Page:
Monday, April 21, 2008

Gumstix - Getting started with Bluetooth

I've just been given a Gumstix so that I can put some of my software onto it and use it for demos.  It has taken a little time to feel comfortable with it so I thought I'd share some of my experiences and give a few pointers into the bewildering pages of documentation out there.

These notes are just my experiences with my particular Gumstix and my MacBook Pro.  I have a connex 400mt-bt.  It is a 400MHz ARM processor with 64 Mbytes of memory, 16 Mbytes flash and Bluetooth on board. I received it with a Compact Flash card adaptor, a wifi board and a USB adaptor which will supply power to the motherboard.  It also came with a serial card and a cable to plug into a PC DB9 serial port.  The Gumstix runs Linux which takes up around 9 Mbytes for the whole system!  Since my Gumstix had been used by someone else, it had an operating system on it already, more in a later post about replacing it.

I first tried the Gumstix with my MacBook Pro.   I put the BT antenna onto the motherboard and added the USB board. I then plugged it into my Mac's USB port.  A little light came on. Great.

I tried to connect to it using Bluetooth. The BT models have a BT serial port for talking to the Linux system on board.  This is covered in an excellent page, with pictures entitled Bluetooth on OSX.  Here are my distilled instructions for doing this (note the passkey may be 1234 or it may be BlueZ)
  1. Run the B setup assistant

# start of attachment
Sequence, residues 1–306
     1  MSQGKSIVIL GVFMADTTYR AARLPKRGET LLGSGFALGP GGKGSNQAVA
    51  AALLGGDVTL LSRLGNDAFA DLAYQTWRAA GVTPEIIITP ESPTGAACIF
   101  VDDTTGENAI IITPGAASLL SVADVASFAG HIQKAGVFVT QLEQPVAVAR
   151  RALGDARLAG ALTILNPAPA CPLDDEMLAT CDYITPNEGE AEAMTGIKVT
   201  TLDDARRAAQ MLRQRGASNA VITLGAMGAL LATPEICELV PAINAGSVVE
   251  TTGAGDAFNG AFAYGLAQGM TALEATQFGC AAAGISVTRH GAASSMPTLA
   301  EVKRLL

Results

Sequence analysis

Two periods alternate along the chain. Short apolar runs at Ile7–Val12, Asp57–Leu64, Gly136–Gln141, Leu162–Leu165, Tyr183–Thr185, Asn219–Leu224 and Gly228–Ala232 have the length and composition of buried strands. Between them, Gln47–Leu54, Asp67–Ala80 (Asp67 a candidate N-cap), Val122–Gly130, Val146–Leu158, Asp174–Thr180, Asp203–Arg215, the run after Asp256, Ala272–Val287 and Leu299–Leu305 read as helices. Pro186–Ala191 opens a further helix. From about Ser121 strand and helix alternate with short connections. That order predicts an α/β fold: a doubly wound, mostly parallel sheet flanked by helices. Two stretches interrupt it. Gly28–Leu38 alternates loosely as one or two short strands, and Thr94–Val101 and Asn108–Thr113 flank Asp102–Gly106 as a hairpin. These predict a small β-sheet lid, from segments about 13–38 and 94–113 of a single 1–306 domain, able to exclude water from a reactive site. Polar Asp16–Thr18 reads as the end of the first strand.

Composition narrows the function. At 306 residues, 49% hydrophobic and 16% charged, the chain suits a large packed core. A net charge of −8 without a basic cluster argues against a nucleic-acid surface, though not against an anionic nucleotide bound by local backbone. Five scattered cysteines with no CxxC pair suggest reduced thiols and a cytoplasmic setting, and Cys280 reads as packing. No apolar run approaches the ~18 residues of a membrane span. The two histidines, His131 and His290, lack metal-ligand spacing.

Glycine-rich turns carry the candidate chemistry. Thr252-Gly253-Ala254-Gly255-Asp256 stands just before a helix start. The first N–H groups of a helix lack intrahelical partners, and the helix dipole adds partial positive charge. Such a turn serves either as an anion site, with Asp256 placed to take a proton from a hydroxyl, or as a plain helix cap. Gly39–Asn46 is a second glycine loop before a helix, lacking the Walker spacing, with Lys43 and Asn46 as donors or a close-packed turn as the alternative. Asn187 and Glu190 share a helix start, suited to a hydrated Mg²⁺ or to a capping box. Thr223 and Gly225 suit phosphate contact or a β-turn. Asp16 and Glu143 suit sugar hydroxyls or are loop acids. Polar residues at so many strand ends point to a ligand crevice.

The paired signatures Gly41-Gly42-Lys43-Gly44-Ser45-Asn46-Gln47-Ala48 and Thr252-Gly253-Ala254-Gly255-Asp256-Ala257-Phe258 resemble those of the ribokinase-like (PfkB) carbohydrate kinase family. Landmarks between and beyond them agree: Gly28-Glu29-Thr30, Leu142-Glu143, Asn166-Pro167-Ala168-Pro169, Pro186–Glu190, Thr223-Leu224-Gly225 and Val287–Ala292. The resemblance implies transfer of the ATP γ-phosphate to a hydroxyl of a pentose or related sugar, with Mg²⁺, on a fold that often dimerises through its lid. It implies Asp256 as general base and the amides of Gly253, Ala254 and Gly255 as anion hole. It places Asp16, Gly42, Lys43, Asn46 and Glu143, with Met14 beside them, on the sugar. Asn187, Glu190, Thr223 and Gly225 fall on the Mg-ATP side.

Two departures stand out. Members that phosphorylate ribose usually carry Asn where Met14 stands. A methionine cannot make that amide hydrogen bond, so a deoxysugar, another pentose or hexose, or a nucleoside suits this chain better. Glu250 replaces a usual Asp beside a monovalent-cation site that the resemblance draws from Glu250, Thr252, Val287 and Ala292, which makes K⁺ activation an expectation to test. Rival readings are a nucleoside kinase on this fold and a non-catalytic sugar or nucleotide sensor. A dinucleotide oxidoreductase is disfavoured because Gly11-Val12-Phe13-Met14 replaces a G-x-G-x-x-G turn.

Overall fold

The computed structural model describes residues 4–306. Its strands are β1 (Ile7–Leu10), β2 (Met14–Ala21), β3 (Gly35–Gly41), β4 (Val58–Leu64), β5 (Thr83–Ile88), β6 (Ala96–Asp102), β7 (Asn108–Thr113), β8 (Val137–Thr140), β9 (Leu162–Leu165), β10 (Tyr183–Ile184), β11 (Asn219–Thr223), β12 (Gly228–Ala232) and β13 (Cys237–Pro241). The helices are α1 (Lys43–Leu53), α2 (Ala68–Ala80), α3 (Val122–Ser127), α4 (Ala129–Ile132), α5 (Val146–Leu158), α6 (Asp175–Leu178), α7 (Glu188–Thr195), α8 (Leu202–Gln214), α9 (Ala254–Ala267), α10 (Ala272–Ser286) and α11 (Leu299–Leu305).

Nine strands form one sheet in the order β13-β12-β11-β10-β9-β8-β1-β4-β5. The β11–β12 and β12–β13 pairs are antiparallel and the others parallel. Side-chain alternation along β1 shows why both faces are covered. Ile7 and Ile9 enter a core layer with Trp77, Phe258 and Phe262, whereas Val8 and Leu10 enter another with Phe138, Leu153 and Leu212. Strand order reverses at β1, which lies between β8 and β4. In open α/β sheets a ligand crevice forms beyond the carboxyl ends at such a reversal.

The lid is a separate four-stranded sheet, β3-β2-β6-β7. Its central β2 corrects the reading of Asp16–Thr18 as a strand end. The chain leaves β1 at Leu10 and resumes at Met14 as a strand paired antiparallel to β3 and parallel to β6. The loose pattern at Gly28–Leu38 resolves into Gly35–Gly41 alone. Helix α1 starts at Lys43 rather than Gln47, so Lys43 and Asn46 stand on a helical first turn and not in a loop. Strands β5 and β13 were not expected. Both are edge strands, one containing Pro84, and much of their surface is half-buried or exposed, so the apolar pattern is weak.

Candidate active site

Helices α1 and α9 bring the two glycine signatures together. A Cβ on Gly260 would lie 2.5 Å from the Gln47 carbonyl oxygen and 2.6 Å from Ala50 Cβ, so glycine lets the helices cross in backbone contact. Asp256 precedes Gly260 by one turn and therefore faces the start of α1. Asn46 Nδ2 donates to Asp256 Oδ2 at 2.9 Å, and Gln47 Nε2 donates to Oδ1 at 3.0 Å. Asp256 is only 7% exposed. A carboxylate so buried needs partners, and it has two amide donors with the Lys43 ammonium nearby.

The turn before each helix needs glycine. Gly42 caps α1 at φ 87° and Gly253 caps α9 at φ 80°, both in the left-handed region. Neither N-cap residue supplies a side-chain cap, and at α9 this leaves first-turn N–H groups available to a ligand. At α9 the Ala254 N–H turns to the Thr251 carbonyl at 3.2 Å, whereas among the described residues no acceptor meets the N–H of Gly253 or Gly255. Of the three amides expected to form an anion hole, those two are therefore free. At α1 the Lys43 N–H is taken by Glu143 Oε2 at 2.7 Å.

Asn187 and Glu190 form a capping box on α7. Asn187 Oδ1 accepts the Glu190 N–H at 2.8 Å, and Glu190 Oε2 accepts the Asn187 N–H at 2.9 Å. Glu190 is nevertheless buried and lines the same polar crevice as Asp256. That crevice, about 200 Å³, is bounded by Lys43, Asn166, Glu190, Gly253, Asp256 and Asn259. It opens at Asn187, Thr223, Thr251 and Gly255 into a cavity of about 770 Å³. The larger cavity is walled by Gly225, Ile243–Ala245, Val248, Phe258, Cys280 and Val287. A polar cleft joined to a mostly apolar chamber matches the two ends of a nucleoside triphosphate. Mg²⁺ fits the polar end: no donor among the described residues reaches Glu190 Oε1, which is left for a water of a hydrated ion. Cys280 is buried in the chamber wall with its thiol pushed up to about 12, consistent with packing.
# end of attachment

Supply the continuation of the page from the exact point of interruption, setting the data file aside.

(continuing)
2. Select Any device
  3. Select the device called Gumstix (0)
  4. Click on Passkey options and select Use a specific passkey. This is because unlike a keyboard you have no way of entering the random number that you are normally given for pairing.  The Gumstix has a passkey built in so you have to tell your Mac what it is so it knows what to expect.
  5. On the next screen you are asked to give the passkey that the Gumstix will send.  When I first got the Gumstix the passkey was 1234, when I put another system into it the passkey became BlueZ, so if one fails try the other.
  6. The Mac will then add the Gumstix to its list of devices.
If all went well that is all you have to do because the Mac sets up a special serial port for you to communicate with the Gumstix.  

To talk to the Gumstix, you simply have to start a terminal and then run one of my favourite programs - screen (before we had windowing systems I used to use screen to give myself multiple logins to the same machine and it also allowed me to login at work, start jobs, go home, dial in and pick up my session. Those were the days!)

Ok, back to business, at the terminal prompt enter:
  • screen /dev/tty.Gumstix-1 921600
Press return a couple of times and you will get a login prompt and will be able to log in. To leave screen enter: ^Aky  - that is three characters: control-A, k and y.

I have done this procedure several times now and a couple of times no serial port was set up.  In this case you have to add it yourself, here is the relevant window under Leopard:

If no ports are shown, click on the + and add a port.

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